May 26, 2024

Slow Cookers and Food Safety

The USDA has published a food safety info sheet on how to safely use slow cookers. With Easter and Passover right around the corner, slow cookers are going to be used to help handle celebratory meals.

USDASlow cookers are safe to use because they cook food at temperatures between 170 degrees F and 280 degrees F. Newer slow cookers are cooking at a hotter temperature than those that were made ten years ago. The heat in the pot, steam created with the sealed cover, and long cooking times destroy bacteria.

To make sure that the food you cook in your crockpot is safe, begin with a clean cooker, clean hands, utensils and work area. Keep perishable foods refrigerated until you are ready to cook. You can prepare meats and vegetables in advance, but store them in the refrigerator.

Use the right amount of food in the appliance. It should be filled between 1/2 and 2/3 full. If there isn’t enough food, the food may burn. If the slow cooker is filled too much, the food may not cook through in time, which creates a food safety issue. If you’re cooking a large cut of meat, make sure it fits within the slow cooker and leave enough room so the lid fits securely and there is space around the sides of the meat.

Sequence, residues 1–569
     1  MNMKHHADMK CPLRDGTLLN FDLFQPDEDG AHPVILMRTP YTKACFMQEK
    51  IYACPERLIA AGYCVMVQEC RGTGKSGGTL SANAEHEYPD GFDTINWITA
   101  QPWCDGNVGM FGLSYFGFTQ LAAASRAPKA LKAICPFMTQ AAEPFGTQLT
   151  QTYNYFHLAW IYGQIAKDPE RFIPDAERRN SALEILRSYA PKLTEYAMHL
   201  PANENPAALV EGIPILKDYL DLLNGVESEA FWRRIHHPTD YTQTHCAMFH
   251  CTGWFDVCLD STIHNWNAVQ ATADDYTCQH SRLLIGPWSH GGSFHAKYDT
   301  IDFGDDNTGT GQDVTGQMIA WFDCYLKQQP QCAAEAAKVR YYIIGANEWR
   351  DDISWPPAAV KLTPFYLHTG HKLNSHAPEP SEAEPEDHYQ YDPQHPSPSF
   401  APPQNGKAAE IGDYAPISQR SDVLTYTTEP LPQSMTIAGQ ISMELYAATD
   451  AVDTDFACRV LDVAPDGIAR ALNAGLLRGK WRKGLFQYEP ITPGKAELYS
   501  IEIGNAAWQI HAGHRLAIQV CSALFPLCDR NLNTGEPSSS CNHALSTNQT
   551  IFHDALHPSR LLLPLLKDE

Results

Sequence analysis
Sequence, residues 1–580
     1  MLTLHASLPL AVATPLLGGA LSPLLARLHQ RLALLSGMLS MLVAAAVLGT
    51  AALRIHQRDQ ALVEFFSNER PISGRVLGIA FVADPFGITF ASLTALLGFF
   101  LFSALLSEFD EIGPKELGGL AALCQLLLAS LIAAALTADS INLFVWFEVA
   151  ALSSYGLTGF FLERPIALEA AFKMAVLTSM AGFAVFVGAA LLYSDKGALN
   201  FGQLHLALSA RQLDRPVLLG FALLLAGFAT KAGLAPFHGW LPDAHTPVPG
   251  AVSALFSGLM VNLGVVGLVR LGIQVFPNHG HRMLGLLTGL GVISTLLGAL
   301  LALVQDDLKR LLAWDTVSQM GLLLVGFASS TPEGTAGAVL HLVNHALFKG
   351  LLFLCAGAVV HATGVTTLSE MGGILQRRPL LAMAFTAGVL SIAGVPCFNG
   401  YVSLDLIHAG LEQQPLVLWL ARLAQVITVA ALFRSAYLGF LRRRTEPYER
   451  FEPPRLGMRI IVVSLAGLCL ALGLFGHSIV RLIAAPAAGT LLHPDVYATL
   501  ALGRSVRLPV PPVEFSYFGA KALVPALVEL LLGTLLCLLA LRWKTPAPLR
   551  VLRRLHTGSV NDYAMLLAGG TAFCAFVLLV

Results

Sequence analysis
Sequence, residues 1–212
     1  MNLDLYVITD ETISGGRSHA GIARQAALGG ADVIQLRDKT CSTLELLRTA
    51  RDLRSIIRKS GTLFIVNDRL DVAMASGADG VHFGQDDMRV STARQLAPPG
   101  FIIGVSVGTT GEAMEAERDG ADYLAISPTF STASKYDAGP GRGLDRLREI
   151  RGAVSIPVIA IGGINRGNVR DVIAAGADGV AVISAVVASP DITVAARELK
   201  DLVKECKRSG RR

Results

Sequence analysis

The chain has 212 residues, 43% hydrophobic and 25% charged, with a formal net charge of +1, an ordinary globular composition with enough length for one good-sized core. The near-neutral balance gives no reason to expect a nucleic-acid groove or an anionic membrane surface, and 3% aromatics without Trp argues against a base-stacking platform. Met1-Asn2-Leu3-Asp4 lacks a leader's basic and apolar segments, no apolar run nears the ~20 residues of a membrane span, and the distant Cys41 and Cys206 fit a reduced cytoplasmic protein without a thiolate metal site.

Leave the lid in place when the slow cooker is turned on. Whenever the lid is removed, heat escapes and you should add 20 minutes cooking time. If condensation appears on the lid, spin the lid to remove it so you can see the food to check on it.

It’s a good idea to use high heat for the first hour of cooking, since it will get the food through the danger zone of 40 degrees F to 140 degrees F. quickly. But cooking for hours on low is completely safe.

If the power goes out while the slow cooker is on and you are not home, discard the food. You don’t know how long it may have been sitting there uncooked. If you are at home and the power goes out, finish cooking the food immediately on the stovetop.

Don’t store leftovers in the crockpot. Its thick sides will prevent the quick cooling necessary to stop bacterial growth. Don’t reheat leftovers in the crockpot. But you can reheat food in the microwave or on the stovetop, then place it in the crockpot, turned on low, to keep the food warm after it reaches 165° F.

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